Smoke Signals

Sundance Me Outside: Film Festivals and the Rise of Indigenous Cinema
by Bird Runningwater

Although TIFF's First Peoples Cinema programme is the largest retrospective of its type to screen in North America to date, it builds upon almost three decades of efforts by filmmakers, curators, festival programmers and development labs to bring this work to wide public attention. While I have been asked to write specifically about how the Sundance Institute and Film Festival have helped to create a space for Indigenous cinema, the story goes back to a time when political shifts were beginning to happen in Indigenous communities worldwide. The rise of Indigenous cinema is inextricably tied to a political resurgence as much as it is to the exponential growth of the international film festival circuit since the 1990s, and the parallel explosion of the American independent film market. It is not simply a niche, special-interest cinema, but a global cinema, and its history is also the history of one of the most significant developments in international film in recent decades.

Robert Redford and a group of friends founded the Sundance Institute in 1981 with the aim of supporting and developing independent American filmmakers as a counterweight to the dominant Hollywood studio system. However, this had been preceded by another initiative of Redford's in the late 1970s to create workshops specifically for Native filmmakers — an initiative that met with little response from Native communities. This is less surprising than it might seem, given that it had only been a decade since the US government had ended its termination policy that had sought to dissolve Native self-government and integrate Native Americans into white society. For those Native Americans who were beginning to develop a political and cultural consciousness, filmmaking was quite far off the radar.

Nevertheless, the germ of Redford's original initiative remained alive with the creation of the Sundance Institute. The presence of two Native Americans at the founding meeting — Larry Little Bird of the Taos Pueblo and Chris Spotted Eagle of the Houmas Nation — indicated the important part that Indigenous filmmaking was supposed to play in Sundance's conception of a rejuvenated American independent cinema. Though there was little Native participation during the first decade of the Institute's Lab Programs or in the Sundance Film Festival (created in 1984 after the Institute acquired the United States Film Festival to provide a platform for works that had been developed in the Sundance Lab program), the Columbian quincentenary in 1992 prompted the Institute to undertake a renewed search for Native screenwriters and directors. This led to the creation of the Native Forum showcase as an official category at the festival in 1994, while at the same time, filmmakers such as Greg Sarris, Chris Eyre and Sherman Alexie began to participate in the Institute's Feature Film Program Labs. Since the successful Sundance premieres of such Institute-supported projects as Daniel Sackheim's Grand Avenue and Eyre's Smoke Signals, a number of other Indigenous films — including Randy Redroad's The Doe Boy, Shirley Cheechoo's Bearwalker, Sterlin Harjo's Four Sheets to the Wind, Taika Waititi's Eagle vs Shark and Boy, Billy Luther's Miss Navajo, Andrew Okpeaha MacLean's On the Ice and Aurora Guerrero's Mosquita y Mari — have benefited from support through the Institute's Native Lab, Screenwriters Lab or Directors Lab prior to their premieres at the festival.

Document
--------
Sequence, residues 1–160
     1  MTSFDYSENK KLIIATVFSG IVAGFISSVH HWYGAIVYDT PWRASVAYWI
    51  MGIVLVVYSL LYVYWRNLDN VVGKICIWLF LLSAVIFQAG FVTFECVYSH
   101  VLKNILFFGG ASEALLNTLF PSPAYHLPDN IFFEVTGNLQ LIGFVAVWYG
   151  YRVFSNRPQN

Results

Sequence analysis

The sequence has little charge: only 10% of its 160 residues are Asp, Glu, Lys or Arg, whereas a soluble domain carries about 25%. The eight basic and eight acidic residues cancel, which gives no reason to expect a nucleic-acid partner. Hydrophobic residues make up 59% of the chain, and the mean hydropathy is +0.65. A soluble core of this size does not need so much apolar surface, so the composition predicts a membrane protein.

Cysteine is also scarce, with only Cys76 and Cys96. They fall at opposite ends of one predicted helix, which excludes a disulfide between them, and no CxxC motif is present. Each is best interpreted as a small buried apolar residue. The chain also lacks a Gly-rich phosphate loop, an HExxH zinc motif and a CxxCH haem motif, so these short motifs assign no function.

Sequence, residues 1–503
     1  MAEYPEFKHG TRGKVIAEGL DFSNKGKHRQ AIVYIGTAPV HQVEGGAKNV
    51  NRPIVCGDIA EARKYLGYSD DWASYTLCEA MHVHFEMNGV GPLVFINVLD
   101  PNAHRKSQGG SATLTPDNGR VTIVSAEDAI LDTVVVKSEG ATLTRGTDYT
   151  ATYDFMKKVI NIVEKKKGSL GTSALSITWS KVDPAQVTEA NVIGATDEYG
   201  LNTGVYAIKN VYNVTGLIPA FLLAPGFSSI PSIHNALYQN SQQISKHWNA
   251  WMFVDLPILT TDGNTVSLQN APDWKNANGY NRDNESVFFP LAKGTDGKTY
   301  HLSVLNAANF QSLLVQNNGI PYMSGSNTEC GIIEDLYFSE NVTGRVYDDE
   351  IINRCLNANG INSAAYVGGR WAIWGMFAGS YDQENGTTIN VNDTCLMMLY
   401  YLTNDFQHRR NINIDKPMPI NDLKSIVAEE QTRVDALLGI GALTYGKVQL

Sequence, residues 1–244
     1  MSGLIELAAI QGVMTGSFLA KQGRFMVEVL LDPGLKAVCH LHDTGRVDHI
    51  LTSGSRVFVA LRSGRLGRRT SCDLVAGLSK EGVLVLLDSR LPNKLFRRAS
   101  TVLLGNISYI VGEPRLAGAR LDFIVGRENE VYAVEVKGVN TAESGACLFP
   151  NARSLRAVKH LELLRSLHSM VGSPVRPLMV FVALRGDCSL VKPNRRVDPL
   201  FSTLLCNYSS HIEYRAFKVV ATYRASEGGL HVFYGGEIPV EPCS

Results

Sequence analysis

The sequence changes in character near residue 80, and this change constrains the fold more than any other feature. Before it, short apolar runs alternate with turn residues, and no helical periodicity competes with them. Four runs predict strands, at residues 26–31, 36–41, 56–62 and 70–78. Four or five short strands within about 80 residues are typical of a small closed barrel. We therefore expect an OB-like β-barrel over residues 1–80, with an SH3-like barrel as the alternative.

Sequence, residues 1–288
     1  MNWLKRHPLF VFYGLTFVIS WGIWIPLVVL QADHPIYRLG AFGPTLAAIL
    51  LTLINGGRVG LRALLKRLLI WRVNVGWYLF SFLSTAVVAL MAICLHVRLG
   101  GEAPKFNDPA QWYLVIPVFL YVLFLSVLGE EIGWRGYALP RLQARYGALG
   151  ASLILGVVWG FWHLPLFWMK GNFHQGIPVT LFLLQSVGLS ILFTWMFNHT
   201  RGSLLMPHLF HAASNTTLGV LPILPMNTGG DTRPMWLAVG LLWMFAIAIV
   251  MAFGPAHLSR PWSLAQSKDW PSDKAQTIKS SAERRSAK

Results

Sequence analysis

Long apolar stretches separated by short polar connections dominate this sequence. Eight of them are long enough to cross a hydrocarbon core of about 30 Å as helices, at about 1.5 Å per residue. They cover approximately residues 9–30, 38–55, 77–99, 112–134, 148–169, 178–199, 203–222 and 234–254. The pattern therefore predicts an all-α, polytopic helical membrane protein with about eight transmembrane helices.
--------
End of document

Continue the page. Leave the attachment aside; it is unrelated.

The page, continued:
Sundance's two-pronged approach of providing Native filmmakers with developmental support and festival exposure has helped to both foster an Indigenous filmmaking community and build audiences for Indigenous cinema throughout North America. The Institute has followed its original Native Lab by collaborating on Labs for Maori and Australian Aboriginal filmmakers, and it has also recently advised on the establishment of support mechanisms for Sami filmmakers. By the time the Native Forum section of the festival was retired in 2004, it had definitively put Indigenous cinema on the cultural map, having expanded to present Native films from Canada, Australia, New Zealand, Greenland, Polynesia, and many other Indigenous nations around the world. Indigenous films now find regular spots in the festival's official competition sections, and have also found pride of place at other top festivals around the world, including Cannes, Berlin and Venice. With their work now being presented globally, Indigenous filmmakers are not only giving voice to their people and communities, but helping to redefine the cinematic landscape for the twenty-first century.

Bird Runningwater belongs to the Cheyenne and Mescalero Apache peoples, and currently serves as Director of the Sundance Institute's Native American and Indigenous program.